Reform boards and leave lasting legacy
THE EDITOR, Sir:
On Sunday, April 17, 2016, The Gleaner's editorial put forward the idea that the thinking behind how government boards are appointed should be reviewed. I add here my two pennies worth of ideas on the subject.
Boards should have, in principle, fewer political persons than others, and persons then who would be more knowledgeable of the subject goals of the organisation and who, for the most part, would be independent of the politicians.
On a board of 11 persons, five should be political, three from the government party of whom one would be the chairperson, and two from the opposition party. Six others would be from the wider civil society, perhaps selected by our governor general now and, later, perhaps the president of our republic to be of the future, coming from academia, the Private Sector Organisation of Jamaica, and, in the case of a body such as the regional health authorities, a person recommended by the Jamaica Medical Doctors Association.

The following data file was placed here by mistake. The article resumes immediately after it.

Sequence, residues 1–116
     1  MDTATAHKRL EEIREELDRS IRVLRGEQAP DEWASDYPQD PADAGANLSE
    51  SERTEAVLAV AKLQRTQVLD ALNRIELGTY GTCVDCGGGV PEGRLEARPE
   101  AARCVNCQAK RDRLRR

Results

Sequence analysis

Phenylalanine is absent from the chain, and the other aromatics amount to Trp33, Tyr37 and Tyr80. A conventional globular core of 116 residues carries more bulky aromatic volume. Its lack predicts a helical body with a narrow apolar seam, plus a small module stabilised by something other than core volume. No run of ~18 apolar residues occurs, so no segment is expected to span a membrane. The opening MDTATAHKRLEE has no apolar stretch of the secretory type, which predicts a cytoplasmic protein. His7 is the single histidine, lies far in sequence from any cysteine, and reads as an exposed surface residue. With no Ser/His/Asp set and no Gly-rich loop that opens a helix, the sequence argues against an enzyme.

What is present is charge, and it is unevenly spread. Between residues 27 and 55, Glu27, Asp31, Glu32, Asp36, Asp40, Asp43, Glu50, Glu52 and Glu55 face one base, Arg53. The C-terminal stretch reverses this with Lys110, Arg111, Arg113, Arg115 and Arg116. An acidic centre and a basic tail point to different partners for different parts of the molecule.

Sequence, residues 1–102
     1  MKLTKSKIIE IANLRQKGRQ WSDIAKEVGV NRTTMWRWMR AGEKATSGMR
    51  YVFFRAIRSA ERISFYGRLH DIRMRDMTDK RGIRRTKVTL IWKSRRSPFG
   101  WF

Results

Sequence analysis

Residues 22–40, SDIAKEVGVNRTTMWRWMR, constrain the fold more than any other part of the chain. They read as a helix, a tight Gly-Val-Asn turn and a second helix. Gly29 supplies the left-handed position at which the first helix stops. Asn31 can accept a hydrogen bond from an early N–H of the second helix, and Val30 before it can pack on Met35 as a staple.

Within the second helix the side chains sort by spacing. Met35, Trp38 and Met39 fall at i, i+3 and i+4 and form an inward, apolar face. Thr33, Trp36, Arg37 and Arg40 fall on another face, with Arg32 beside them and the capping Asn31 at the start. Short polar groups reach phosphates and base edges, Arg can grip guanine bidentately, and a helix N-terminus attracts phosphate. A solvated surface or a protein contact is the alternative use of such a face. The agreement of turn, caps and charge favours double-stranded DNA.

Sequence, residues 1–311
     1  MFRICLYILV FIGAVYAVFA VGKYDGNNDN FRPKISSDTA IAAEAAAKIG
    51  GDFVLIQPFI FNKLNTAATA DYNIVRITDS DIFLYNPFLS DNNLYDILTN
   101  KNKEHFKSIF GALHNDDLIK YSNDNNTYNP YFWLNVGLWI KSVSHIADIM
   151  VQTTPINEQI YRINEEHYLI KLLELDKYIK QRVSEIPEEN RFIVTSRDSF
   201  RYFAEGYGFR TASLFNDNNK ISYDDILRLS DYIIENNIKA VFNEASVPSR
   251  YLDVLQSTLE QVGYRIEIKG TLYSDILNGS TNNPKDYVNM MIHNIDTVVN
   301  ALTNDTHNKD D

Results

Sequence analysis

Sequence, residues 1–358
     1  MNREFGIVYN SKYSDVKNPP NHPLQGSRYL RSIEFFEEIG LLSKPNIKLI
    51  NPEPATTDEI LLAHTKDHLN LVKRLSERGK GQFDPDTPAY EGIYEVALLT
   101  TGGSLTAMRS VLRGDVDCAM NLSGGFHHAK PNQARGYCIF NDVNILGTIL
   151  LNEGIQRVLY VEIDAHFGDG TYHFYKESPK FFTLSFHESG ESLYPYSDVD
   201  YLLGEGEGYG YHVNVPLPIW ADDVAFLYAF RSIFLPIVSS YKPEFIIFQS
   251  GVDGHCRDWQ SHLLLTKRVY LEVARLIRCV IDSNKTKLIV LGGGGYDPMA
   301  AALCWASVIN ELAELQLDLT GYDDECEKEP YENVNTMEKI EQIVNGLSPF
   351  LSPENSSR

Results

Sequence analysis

Boards should not have tenure longer than three to four years. In the case of political appointments, they should have limits of no more than two or three consecutive terms. Quite certainly, persons from the wider public could be coming and going, but they would be serving there as persons of competence and integrity.
Any prime minister who wishes to become a transformational leader and leave a legacy for us in our nation could do so by reforming boards along this line.